‘Religions for Peace’ pledges support for Myanmar’s peace effort
An international group of inter-faith leaders, including Catholics, have declared their commitment to peace in strife-torn Myanmar, a move welcomed by State Counselor Aung San Suu Kyi.
In a May 24 open letter to Myanmar's people, the Archbishop of Yangon, Cardinal Charles Bo and 17 other members of a high-level delegation from Religions for Peace International and Myanmar pledged their commitment to peace and reconciliation efforts in a country experiencing several internal conflicts.
Religions for Peace, founded in 1970, is the world’s largest and most representative multi-religious coalition that advances common action for peace among the world’s religious communities.
Letter presented to Suu Kyi
The letter presented by the delegation to Suu Kyi during a visit to the capital Naypyidaw on May 25, rejected the misuse of religion and race to divide the people of Myanmar, which, it said, goes against the fundamental tenets of the world’s religious traditions and brings about hatred, discrimination and violence.
Religions for Peace stressed the values of compassion and coexistence of the people of Myanmar, recalling how in the wake of the devastating Cyclone Nargis in 2008, Buddhist, Christian, Hindus, Muslims and other groups joined hands in helping out the affected people.
The inter-faith delegation noted growing hostilities and displacement of people particularly in Kachin, Shan and Rakhine states and denounced the unjust distribution of Myanmar’s resources that go to enrich only a few.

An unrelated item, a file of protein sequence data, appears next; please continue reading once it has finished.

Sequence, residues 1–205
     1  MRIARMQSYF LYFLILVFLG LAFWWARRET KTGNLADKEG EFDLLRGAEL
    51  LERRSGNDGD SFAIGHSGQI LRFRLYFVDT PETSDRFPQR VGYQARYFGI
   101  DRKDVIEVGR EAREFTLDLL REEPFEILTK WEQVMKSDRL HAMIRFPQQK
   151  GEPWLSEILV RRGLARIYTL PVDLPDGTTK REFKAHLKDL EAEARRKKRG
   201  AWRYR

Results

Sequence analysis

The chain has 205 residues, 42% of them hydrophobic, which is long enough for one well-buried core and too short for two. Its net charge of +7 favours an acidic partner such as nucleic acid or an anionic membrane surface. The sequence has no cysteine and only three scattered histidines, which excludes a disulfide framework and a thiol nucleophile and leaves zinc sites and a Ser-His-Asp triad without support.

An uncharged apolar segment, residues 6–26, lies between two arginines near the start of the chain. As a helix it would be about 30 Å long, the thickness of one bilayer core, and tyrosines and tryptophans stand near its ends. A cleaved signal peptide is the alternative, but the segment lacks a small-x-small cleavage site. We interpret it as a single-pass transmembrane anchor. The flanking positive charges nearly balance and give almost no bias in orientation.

More than 670,000 Rohingya, who are mostly Muslim have fled Rakhine for Bangladesh since September to avoid an anti-insurgency campaign by Myanmar's military, which the United Nations has describes as ethnic cleansing.
The representatives of various religions urged the Union Government to make a “thorough and transparent investigation” into crimes perpetrated in Rakhine State and elsewhere.
Suu Kyi’s support
Suu Kyi welcomed the delegation's offer to assist with peace efforts and humanitarian aid not only in Rakhine State but also in other parts of the country experiencing ethnic conflicts.
She acknowledged that religious leaders can pave the way for "progress for all" by encouraging their communities to work together and promoting a more inclusive ideology that incorporates those who are "left behind."
Trip into strife-torn territory
Six members of Religions for Peace International, including Cardinal Bo, visited Sittwe and Maundaw in Rakhine State, May 26-28, to better understand the situation of the Rohingya.
During their flight to Maundaw on May 27, the delegation saw hundreds of Rohingya villages that were destroyed during a Myanmar military offensive against Rohingya militants since September last year.
They met Rohingya, Hindu as well as Mro communities in Maungdaw and also visited the town’s transit and reception centers.
Father Joseph Mg Win, secretary of Religions for Peace-Myanmar, thought the visit to Rakhine was successful and added that government officials were supportive.
"As religious leaders, the aim of the visit was to learn the truth after closely observing the situation and from that give a true message to the people of Myanmar and to the international community," said Father Mg Win, who is also head of ecumenism and interfaith commission of Yangon Archdiocese.
Along with Cardinal Bo and Father Mg Win were Myint Swe, a leading Buddhist layman from the Ratana Metta Organization, and Muslim layperson Al Haj U Aye Lwin, the chief convener of the Islamic Center of Myanmar.
International members of the group were Norwegian Bishop Gunnar Stalsett of Oslo, the honorary president of Religions for Peace International, and Kyoichi Sugino of Japan, deputy secretary-general of the group. (Source: UCANEWS)